Copyright 2011 ABC News Radio


Obama Approves Use of Armed Predator Drones Over Libya

AFPI/US AIR FORCE/US AIR FORCE/kb/jim/jim, mc(WASHINGTON) -- President Obama has given approval for two armed American Predator drones to operate over Libya, according to Defense Secretary Robert Gates.

The U.S. has flown armed drones in Libya for the past several weeks, but they have been used only for surveillance. They will now be used to strike Gadhafi's forces as part of the civilian protection mission.

British, French and Italian forces have already agreed to step up their efforts to aid the rebels.

The use of drones is significant, too, because it marks the United States' return to using force for civilian protection mission for the first time since shortly after the U.S. handed full authority of the mission over to NATO last month. Bombing drops by U.S. planes that have taken place since then were only to take out Gadhafi's air defenses for the separate no-fly zone enforcement mission.

American forces are helping to enforce a no-fly zone in Libya, aiding rebel forces struggling against Libyan dictator Moammar Gadhafi.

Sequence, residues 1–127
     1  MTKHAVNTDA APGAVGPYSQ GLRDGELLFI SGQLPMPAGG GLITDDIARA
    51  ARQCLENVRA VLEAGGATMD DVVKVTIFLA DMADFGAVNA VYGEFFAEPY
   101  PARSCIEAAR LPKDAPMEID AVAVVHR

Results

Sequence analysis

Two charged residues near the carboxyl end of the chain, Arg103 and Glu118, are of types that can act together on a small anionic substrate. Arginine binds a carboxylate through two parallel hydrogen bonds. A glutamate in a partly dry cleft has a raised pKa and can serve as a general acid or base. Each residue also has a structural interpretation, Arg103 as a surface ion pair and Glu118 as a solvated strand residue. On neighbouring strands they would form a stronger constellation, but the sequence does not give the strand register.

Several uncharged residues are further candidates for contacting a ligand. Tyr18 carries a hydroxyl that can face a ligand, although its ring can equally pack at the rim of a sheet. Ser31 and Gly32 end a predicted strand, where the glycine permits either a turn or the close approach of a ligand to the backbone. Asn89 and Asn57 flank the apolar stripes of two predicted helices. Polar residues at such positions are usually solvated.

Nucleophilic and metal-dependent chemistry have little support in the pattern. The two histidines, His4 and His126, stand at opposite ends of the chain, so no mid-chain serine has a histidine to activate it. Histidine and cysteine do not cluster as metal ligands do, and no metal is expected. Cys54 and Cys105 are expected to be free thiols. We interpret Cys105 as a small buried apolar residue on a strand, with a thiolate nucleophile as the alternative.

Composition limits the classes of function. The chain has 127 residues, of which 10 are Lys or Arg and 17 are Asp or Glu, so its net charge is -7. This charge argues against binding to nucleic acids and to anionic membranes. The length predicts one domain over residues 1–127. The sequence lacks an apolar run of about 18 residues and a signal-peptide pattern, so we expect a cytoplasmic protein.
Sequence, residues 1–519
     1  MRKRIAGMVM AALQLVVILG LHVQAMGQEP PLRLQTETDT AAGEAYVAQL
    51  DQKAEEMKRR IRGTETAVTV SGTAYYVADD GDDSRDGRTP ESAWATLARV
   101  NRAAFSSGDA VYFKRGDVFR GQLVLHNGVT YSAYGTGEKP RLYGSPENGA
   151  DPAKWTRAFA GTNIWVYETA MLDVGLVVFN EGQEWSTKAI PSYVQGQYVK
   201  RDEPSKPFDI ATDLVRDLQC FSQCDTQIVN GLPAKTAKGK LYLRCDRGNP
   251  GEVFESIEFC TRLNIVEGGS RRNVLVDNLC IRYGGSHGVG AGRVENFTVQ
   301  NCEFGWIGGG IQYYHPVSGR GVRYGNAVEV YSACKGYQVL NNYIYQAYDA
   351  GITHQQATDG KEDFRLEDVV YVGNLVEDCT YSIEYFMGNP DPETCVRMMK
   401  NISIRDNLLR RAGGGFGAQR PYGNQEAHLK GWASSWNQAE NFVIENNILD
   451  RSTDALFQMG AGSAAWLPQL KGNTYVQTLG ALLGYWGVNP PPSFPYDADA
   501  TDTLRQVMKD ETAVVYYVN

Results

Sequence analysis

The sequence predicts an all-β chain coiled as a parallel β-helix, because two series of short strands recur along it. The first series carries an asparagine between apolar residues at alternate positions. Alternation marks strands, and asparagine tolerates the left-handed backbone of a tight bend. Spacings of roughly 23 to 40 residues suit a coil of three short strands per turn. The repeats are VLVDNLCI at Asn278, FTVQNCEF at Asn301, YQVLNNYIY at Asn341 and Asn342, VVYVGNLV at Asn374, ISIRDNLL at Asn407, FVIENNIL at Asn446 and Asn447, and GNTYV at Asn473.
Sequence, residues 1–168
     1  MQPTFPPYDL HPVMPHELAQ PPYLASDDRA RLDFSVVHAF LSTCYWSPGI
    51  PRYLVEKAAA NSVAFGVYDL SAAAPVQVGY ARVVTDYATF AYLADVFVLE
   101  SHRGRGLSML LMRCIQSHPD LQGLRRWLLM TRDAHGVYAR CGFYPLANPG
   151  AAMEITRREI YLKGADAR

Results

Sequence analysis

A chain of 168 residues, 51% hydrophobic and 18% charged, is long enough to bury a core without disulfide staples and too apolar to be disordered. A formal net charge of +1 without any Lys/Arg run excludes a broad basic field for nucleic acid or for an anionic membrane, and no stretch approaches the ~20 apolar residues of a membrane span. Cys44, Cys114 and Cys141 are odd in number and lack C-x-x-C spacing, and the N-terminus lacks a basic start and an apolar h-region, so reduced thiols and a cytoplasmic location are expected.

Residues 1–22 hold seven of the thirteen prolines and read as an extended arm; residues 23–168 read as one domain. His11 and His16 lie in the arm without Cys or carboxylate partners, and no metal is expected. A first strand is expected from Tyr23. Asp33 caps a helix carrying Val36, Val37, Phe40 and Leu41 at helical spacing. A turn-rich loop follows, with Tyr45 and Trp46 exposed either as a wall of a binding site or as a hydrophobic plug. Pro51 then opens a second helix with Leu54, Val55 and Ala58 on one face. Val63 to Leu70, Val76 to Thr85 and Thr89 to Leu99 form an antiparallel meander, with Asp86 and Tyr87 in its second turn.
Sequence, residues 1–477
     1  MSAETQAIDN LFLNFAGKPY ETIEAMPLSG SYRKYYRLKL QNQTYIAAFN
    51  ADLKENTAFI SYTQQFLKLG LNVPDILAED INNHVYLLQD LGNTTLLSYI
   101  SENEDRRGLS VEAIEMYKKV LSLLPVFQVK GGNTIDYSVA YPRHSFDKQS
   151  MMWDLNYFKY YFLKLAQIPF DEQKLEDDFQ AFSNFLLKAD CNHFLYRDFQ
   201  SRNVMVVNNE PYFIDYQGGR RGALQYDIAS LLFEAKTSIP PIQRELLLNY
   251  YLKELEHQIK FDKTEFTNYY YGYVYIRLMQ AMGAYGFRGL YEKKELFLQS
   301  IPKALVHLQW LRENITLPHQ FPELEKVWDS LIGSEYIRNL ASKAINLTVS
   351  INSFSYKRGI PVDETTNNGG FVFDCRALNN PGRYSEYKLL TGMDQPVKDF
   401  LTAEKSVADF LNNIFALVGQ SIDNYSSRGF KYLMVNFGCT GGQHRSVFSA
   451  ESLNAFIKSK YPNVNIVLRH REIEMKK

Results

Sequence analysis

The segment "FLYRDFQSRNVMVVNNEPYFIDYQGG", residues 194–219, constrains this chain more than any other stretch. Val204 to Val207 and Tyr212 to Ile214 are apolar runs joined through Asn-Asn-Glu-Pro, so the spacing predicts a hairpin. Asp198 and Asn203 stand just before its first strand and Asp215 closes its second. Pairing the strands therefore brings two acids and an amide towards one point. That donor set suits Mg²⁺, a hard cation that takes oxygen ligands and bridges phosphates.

The drones, aircraft without pilots that the U.S. military has also used in Afghanistan and over Pakistan, will be used to root out Gadhafi forces that are burrowed into urban areas. Their first mission was to be Thursday but they didn't drop any bombs and the mission was curtailed because of bad weather.

Gates, appearing at the Pentagon Thursday with Marine Gen. James Cartwright, said these drones have the capability to fly lower than piloted AC-130 gunships and better identify targets of Gadhafi forces burrowed into urban areas with less threat of collateral damage. They're also able to stay on a target for much longer than a plane can, and they can be in the air all day long.